Software-defined networking (SDN) opens up closed network platforms, allowing for greater oversight and more rapid provisioning of new services, writes Ravi Mali, Director of Regional Sales, Ciena.
Today’s network managers grapple with a myriad of challenges: finding and resolving problems and bottlenecks, improving application performance, and being able to roll out new applications and services quickly. Couple all this with the ongoing pressure to keep costs down while continuing to innovate and evolve.
These challenges are only going to grow in magnitude, as more ICT services move into the cloud and more and more ‘things’ connect to the internet and start generating reams of data. Based on current projections, there will be four billion connected people, 40 billion ‘things’ to track and 20 billion connected devices just by 2020.
Today’s organisations need a new kind of network, one that is more flexible and agile, where new services can be added quickly, where problems can be identified and resolved more easily and there is greater inter-operability between vendor solutions. Software-Defined Networking (SDN) is a bold new approach to network architecture that enables the network to be intelligently and centrally controlled, or ‘programmed’, using software applications. This enables management of the entire network, regardless of the underlying network technology.
SDN enables the programming of network behaviour in a centrally controlled manner through software applications using open APIs. By opening up traditionally closed network platforms and implementing a common SDN control layer, operators can manage the entire network and its devices consistently, regardless of the complexity of the underlying network technology.
Ciena has identified four critical areas in which SDN technology can make a difference to organisations. One is programmability. SDN enables network behaviour to be controlled by the software that resides beyond the networking devices that provide physical connectivity.
As a result, network operators can tailor the behaviour of their networks to support new services, and even individual customers. By decoupling the hardware from the software, operators can introduce innovative, differentiated new services rapidly, free from the constraints of closed and proprietary platforms.
A further benefit of SDN is logically centralised network topologies, which enable the intelligent control and management of network resources. In traditional networks, control methods are distributed and devices function autonomously with limited awareness of the state of the network. With the kind of centralisation facilitated by SDN, organisations gain a more complete view of the network. As a result, bandwidth management, restoration, security and policies can be highly intelligent and optimised.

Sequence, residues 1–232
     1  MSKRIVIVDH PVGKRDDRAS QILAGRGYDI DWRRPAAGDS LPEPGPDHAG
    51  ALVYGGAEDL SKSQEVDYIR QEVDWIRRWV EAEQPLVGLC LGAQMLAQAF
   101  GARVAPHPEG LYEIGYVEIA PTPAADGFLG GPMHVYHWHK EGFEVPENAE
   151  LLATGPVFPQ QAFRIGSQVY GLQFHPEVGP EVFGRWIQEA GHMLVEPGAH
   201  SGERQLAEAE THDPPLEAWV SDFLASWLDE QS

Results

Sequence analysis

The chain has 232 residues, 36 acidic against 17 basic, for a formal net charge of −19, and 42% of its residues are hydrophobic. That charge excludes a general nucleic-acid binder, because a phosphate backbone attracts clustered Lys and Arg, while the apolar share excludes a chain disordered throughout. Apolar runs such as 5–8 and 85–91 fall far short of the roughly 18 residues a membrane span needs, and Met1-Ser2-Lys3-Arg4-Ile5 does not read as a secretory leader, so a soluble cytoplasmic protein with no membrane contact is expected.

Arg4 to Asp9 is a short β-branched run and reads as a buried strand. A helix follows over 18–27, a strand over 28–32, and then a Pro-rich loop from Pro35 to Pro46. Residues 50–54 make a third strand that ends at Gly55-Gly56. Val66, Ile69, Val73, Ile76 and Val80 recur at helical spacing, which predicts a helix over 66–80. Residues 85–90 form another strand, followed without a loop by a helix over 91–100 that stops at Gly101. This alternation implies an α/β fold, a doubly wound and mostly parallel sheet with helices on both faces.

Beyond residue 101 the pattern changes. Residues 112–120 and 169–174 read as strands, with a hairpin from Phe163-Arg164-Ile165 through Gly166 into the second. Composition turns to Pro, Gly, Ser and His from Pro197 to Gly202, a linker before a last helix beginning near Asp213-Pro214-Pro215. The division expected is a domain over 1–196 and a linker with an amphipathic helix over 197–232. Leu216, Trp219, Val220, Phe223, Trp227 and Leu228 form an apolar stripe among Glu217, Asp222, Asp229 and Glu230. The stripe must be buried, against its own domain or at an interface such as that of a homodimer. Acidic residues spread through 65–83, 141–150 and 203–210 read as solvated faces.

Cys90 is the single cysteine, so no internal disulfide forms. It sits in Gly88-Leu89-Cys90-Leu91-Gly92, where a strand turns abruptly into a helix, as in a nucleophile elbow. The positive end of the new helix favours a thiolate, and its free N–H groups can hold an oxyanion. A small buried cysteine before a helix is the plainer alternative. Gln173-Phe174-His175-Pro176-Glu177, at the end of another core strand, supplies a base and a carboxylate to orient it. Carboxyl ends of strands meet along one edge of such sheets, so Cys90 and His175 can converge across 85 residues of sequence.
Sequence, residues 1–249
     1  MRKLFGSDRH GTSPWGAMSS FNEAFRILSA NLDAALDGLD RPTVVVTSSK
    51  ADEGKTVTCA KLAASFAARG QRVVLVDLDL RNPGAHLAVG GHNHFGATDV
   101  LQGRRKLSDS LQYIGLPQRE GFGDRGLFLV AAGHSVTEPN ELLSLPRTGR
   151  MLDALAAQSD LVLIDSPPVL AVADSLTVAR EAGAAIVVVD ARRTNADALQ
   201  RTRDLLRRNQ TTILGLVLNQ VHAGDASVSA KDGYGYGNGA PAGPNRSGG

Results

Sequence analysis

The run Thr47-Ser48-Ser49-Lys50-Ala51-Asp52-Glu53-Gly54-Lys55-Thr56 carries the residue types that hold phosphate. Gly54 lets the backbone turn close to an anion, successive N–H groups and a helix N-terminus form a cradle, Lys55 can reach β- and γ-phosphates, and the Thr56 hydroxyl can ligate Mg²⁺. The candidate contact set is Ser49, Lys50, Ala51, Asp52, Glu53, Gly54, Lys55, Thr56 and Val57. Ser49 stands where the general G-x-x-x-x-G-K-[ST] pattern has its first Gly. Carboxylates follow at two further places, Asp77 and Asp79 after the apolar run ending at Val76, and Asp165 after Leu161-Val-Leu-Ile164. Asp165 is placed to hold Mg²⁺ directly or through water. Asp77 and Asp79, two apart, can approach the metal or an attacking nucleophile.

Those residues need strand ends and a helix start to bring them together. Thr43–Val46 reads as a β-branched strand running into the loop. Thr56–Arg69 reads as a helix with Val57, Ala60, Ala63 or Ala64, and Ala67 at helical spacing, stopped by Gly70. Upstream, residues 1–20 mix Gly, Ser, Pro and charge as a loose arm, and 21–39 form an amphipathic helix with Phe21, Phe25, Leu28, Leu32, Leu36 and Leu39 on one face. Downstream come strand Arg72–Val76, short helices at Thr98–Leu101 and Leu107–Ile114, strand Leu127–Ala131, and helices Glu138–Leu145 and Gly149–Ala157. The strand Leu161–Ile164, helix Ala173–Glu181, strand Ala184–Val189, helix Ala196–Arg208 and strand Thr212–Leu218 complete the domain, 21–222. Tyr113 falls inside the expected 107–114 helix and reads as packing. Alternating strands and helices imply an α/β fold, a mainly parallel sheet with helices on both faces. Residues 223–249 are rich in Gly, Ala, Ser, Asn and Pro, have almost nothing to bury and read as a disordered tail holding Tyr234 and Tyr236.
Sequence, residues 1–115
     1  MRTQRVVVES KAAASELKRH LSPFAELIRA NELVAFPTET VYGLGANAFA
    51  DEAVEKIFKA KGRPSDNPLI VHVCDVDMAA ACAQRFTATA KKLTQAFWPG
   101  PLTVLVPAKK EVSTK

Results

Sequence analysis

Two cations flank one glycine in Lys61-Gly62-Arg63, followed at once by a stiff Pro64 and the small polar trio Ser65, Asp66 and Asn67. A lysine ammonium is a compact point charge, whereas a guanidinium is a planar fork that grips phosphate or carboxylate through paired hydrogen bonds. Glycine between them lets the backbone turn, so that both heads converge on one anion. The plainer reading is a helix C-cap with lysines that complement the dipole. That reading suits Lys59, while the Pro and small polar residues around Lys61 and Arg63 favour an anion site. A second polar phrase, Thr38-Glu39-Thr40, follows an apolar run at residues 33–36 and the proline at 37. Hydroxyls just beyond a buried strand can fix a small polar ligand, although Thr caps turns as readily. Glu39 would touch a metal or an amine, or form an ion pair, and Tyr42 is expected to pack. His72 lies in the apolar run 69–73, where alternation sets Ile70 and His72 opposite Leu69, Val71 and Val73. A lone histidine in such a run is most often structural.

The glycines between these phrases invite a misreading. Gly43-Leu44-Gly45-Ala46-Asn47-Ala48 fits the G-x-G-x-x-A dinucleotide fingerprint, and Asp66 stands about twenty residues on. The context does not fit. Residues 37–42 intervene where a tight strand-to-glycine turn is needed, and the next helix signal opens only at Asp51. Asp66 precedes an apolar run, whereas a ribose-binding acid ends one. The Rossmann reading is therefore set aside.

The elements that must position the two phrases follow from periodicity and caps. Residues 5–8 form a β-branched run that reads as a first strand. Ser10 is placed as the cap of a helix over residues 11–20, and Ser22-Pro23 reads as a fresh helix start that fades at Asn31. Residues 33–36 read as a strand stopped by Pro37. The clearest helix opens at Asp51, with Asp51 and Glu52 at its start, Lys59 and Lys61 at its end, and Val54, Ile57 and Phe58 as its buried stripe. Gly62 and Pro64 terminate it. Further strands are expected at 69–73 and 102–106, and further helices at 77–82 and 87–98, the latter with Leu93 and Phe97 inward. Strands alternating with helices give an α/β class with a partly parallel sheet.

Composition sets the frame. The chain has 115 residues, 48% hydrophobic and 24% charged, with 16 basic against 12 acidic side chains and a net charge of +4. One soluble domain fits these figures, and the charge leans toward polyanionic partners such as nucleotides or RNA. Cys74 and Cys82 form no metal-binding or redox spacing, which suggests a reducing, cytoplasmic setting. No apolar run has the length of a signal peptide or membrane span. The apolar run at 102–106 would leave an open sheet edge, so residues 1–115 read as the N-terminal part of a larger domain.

A third benefit of SDN is abstraction of the network. Services and applications running on a software-defined network are abstracted from the underlying technologies and hardware that provide physical connectivity from network control. Applications will interact with the network through APIs, instead of management interfaces tightly coupled to the hardware.
The final key benefit Ciena has identified is openness. SDN finally allows us to have multi-vendor interoperability in the network and makes the vendor-neutral ecosystem a reality. The open APIs used in SDN support a wide range of applications, including cloud orchestration, OSS/BSS, SaaS, and business-critical networked apps. Intelligent software can control hardware from multiple vendors with open programmatic interfaces like OpenFlow. Within the SDN, intelligent network services and applications can run within a common software environment.
These four key benefits of SDN can translate into some very tangible everyday gains. The clearer view of the network that SDN provides allows operators to more easily identify and troubleshoot problems, prioritise traffic and allocate bandwidth more easily to certain applications and users. Multiple physical networks can now be virtualised into fewer, virtual networks. New services can be added more quickly.
Of course, SDN is not a ‘silver bullet’, but a strategy that requires a long-term vision, systematic execution, and co-ordination across multiple organisational teams. Furthermore, SDN works best in combination with other technologies such as Network Functions Virtualisation (NFV) and Cloud Computing, by utilising orchestration to simplify end-to-end service automation across multiple domains and reduce OPEX/CAPEX.
Implemented effectively, however, the software defined-network is more flexible, more agile and, ultimately, easier to manage.